Students who participate in Research Experiences for Undergraduates (REUs) often have an advantage over students who do not. In particular, REU students report an increase in their skills and overall confidence [3,10], persist in their majors [5], and are more likely to attend graduate school [10]. Women and minority students also report unique benefits of participating in REUs, including opportunities to work with role models [1,11] and increased confidence in their skills [3]. REUs provide exceptional opportunities for students to develop as research professionals. From the Collaborative REU (CREU) and Distributed REU (DREU) programs, students can expect to get much more.

An Alliance With Broader Impacts

CREU and DREU are programs designed to immerse undergraduate students in computing research experiences with the expectation that they will pursue graduate studies in the computing discipline. The CREU and DREU programs are part of a larger collection of programs, administered by the Computing Research Association's Committee on the Status of Women in Computing Research (CRA-W) and the Coalition to Diversify Computing (CDC). These organizations form the CRA-W/CDC Broadening Participation in Computing (BPC) Alliance with the goal of sustaining diversity in the computing research pipeline, from undergraduates to senior-level professionals. Since undergraduate students need supports, or interventions, that are different from graduate students and career professionals, the Alliance applies a framework that provides unique supports for these groups, with a special focus on serving women and minorities. The Alliance programs aim to increase awareness of the rewards of a research career and the value of a PhD as well as connect participants to the research community and to each other to further their success. Additionally, the Alliance seeks to increase self-efficacy in a number of ways, including facilitating personal experience of success in research and the accompanying increase in confidence, skills, and credentials and vicarious experience of success through interaction with role models and mentors who are successful researchers who also happen to be minorities.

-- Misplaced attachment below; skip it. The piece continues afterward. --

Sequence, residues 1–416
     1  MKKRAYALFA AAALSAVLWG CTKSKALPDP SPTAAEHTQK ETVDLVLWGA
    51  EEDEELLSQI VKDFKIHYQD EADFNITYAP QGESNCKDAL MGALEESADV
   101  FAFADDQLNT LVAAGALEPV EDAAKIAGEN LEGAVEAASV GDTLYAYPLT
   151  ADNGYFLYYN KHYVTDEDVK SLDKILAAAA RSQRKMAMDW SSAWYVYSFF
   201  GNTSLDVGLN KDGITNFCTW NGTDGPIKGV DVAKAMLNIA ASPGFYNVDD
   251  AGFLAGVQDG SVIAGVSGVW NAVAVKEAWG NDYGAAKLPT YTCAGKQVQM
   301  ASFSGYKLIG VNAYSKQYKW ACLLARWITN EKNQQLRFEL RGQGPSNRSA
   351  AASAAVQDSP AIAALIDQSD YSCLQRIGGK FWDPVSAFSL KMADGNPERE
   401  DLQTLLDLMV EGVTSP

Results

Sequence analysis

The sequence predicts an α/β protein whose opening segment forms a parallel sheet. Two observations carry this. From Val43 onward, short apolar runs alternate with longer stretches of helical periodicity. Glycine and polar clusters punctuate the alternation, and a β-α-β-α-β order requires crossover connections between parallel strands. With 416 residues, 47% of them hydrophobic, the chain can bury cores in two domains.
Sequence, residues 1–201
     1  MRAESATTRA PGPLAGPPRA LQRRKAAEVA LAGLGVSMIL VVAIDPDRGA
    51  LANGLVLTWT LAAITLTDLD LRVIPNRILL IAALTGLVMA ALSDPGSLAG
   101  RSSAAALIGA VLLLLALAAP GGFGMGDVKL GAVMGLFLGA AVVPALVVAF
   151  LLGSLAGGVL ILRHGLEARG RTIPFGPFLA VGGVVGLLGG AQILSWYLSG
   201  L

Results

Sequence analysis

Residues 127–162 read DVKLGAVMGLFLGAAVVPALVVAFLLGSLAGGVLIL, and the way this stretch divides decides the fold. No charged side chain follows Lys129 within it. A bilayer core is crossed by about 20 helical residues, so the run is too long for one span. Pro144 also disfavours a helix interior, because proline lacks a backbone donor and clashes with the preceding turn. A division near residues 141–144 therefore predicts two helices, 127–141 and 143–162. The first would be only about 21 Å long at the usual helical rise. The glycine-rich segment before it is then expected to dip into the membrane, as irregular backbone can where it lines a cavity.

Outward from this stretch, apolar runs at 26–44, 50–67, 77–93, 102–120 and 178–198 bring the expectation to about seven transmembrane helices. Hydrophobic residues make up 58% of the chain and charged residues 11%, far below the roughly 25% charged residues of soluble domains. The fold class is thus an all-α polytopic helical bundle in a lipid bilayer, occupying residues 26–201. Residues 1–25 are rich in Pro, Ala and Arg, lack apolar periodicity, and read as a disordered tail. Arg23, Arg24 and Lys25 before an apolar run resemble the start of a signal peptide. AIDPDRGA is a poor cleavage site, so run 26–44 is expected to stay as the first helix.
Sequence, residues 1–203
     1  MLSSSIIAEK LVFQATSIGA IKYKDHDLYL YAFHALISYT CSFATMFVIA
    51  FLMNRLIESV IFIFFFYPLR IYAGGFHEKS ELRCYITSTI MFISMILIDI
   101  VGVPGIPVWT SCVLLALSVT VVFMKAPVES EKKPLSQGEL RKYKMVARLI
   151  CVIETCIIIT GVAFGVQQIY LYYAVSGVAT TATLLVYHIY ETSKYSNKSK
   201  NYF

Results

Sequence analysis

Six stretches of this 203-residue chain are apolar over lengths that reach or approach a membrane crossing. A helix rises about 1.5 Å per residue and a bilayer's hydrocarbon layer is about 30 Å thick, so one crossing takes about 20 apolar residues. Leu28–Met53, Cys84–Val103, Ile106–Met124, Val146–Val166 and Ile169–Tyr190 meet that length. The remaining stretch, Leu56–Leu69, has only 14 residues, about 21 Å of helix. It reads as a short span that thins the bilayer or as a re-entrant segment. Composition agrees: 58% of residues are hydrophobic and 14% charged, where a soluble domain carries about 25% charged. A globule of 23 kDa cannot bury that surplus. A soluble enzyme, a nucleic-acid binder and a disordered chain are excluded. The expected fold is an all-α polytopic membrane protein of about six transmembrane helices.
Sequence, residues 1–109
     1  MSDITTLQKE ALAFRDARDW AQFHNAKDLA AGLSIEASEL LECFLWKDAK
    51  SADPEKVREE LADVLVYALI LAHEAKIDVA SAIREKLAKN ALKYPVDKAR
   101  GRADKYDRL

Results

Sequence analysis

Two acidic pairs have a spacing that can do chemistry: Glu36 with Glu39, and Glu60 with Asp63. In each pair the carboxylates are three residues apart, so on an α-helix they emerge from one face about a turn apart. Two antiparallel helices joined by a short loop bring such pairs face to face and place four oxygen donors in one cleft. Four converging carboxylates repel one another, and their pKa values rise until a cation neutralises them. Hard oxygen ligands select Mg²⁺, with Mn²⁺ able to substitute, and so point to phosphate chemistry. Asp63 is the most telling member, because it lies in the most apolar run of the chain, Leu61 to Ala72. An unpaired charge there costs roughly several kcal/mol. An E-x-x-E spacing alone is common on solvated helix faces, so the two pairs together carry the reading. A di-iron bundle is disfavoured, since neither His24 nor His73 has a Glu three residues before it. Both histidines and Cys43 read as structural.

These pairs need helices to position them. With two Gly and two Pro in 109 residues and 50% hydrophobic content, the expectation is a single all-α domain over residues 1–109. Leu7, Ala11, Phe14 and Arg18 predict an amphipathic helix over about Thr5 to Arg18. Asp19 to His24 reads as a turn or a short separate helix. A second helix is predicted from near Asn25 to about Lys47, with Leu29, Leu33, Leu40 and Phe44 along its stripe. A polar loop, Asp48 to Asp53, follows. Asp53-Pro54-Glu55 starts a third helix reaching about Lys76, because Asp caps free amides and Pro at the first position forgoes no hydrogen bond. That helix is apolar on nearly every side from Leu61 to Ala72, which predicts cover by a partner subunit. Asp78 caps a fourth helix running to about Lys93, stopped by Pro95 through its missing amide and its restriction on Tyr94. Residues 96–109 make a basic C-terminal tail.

• Distributed Research Experiences for Undergraduates (DREU)

Initiated in 1994, the Distributed Research Experiences for Undergraduates (DREU) program matched undergraduate women with faculty women mentors for a summer of research at the mentor's institution. Starting in 2007, the CRA-W/CDC BPC Alliance broadened the outreach of DREU to include minority students (men and women), as participation by these groups was just about 12%. After formation of the Alliance, participation of minority students grew to 34%. The Alliance also cooperates with AccessComputing to include students with disabilities and the Institute for African-American Mentoring in Computer Science (iAAMCS) to increase the participation of African American students. These partnerships help to provide rich and inclusive research experiences for participants.

DREU students participate in a 10-week research project, observe graduate student life, and benefit from a close mentoring relationship with their advisors at a host research university. The learning experience begins during the application process that is modeled upon the graduate school application, requiring letters and a research statement. Over the summer, the students gain research experience and build confidence. They engage in key aspects of the research process such as contributing to the writing of research papers for submission and presenting results in poster sessions at conferences. These research experiences make DREU students more competitive when applying for graduate admissions and fellowships. DREU students receive support for transportation to the mentor's institution, a weekly stipend, and funding to attend a research conference with their mentor to present the results of their work. DREU participants follow a carefully designed program that includes working with a faculty mentor to develop research objectives and a plan for achieving those goals and providing regular progress reports and other project artifacts (such as research papers and project website). Applications for DREU participants and faculty mentors are due annually on February 15.